As I look around the wasteland that used to be my home, I realize: No matter how much you prepare, you’re never really ready.
We knew what was coming—the entire community was bracing for it.
Everyone agreed that losing power was the most dangerous scenario. I mean, the initial impact is expected, but the chaos of the days and weeks that follow…. Well, you just can’t plan for the unknown.
It was all the other moms could talk about at the bus stop. Countdowns and predictions of doom circulated on Facebook. My parents called to make sure we’d stocked up on provisions. They reminded us that if we wanted to, we could all jump on a plane and head west in hopes of minimizing the damage.
But we were resolved. We were going to ride out this storm. We could run, but we couldn’t hide; Hurricane Sonia would make landfall.
So would Hurricane Johnny… and Hurricane Isabella… and Hurricane Malik. Along with millions of others.
Summer Break 2011 would batter parental levies nationwide, and we all knew it. A palpable nervousness hung in the air as the season approached. Everyone was edgy; the usual social niceties became abbreviated and terse. In line at the grocery store, we stole glances into one another’s carts: fretting, judging.
Oh yeah, just buy all the Goldfish crackers, why don’t you … and eight packages of juice boxes? Selfish hoarder.
The aisles of the big box stores swarmed with harried parents searching for discount sunscreen and sidewalk chalk. Fistfights broke out over dwindling supplies of mega-blasting squirt guns. More than one team of paramedics responded to a store manager’s panicked call about a crazy woman curled up on the floor in aisle 12, muttering something about Zoobles.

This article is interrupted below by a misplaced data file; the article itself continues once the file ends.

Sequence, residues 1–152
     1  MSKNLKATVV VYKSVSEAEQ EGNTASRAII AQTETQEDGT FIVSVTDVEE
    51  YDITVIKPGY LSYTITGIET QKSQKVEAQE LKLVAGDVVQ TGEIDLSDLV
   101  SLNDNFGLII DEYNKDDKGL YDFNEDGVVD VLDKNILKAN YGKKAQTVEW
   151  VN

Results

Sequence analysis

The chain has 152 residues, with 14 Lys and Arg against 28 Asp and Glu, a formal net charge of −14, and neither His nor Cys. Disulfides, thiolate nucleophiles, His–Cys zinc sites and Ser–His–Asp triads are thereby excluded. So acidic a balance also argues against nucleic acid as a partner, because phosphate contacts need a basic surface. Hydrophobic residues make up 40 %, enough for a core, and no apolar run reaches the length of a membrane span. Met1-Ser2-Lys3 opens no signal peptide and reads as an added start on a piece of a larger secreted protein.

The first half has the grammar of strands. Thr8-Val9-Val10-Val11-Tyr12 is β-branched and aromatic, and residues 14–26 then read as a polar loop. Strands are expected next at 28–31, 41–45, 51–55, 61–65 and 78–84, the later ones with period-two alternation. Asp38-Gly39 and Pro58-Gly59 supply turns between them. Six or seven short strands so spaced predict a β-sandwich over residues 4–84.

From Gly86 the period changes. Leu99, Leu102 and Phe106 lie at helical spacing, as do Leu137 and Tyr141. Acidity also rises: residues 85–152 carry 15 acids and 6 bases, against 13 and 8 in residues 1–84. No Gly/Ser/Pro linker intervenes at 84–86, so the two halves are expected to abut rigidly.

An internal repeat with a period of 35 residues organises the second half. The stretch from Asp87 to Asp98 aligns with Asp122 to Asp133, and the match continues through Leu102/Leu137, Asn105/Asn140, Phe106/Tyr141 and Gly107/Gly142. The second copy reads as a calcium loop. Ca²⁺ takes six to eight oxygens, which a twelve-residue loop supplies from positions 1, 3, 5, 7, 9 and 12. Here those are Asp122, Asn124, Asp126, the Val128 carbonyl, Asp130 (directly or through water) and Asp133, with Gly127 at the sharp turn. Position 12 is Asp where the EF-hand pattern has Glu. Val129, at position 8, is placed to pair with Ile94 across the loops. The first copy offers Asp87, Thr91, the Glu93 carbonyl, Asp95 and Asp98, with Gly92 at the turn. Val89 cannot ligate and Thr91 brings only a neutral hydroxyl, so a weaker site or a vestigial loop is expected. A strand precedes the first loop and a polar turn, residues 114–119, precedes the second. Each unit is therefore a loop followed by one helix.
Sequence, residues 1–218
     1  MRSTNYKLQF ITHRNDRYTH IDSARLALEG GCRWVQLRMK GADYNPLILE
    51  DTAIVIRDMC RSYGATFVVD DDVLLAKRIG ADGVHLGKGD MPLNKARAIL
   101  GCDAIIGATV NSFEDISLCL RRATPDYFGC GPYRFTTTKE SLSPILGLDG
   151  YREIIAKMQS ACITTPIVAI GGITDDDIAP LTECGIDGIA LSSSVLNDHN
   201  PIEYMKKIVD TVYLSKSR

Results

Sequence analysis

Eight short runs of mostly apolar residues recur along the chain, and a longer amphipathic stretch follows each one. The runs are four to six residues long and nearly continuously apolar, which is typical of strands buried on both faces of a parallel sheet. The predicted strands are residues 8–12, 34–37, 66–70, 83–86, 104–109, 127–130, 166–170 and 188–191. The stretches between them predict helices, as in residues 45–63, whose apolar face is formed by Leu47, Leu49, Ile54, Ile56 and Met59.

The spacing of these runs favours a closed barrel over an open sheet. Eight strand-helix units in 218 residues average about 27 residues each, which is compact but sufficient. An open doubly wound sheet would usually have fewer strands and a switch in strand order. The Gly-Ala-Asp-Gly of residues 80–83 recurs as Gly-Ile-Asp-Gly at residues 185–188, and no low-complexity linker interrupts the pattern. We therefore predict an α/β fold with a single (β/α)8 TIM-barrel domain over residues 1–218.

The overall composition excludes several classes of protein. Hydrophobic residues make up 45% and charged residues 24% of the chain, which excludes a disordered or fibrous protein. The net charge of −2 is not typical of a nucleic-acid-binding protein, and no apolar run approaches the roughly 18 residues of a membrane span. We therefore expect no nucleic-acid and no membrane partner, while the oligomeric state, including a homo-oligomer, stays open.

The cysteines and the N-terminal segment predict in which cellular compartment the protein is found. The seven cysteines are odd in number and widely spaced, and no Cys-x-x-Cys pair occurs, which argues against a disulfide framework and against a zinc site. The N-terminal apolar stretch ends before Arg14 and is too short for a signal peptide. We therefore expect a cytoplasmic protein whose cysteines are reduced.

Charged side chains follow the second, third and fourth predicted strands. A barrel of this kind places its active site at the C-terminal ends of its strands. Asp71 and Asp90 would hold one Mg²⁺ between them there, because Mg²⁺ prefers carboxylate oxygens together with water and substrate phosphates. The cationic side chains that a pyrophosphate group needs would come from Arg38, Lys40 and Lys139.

Fortunately, Dan and I had begun stockpiling early: Fingerpaints? Check; Sandbox toys? Check; Family pass to the Children’s Museum? Check.
But we didn't stop there. Oh, no. We ran comparison analysis on every playground, sprinkler park and pool in the entire metro Pittsburgh area. We triangulated maps pinpointing every French fry and ice cream dispensary within 50 miles. We ran recognizance missions on bookstores, libraries, and craft supply depots. We cataloged video arcades and cross-referenced amusement parks.
We did everything but hammer plywood over the windows.
And yet… I wade through the destruction, picking up a stray sock here and half a Barbie there, stunned mute.
The indomitable motion, the sound and the fury: it had been both awesome and terrifying. We did suffer temporary loss of power a few times, but somehow we made it through alive.
And finally, finally the storm is headed back out to preschool.
Still, I think about the others often—those who were hit by not just one juvenile hurricane, but several. How had they done it? How had they fared?
I can’t even imagine.
But I pray that the damage wasn’t too devastating—that somehow the levies held and that, through some divine mercy, there were enough Popsicles for everyone.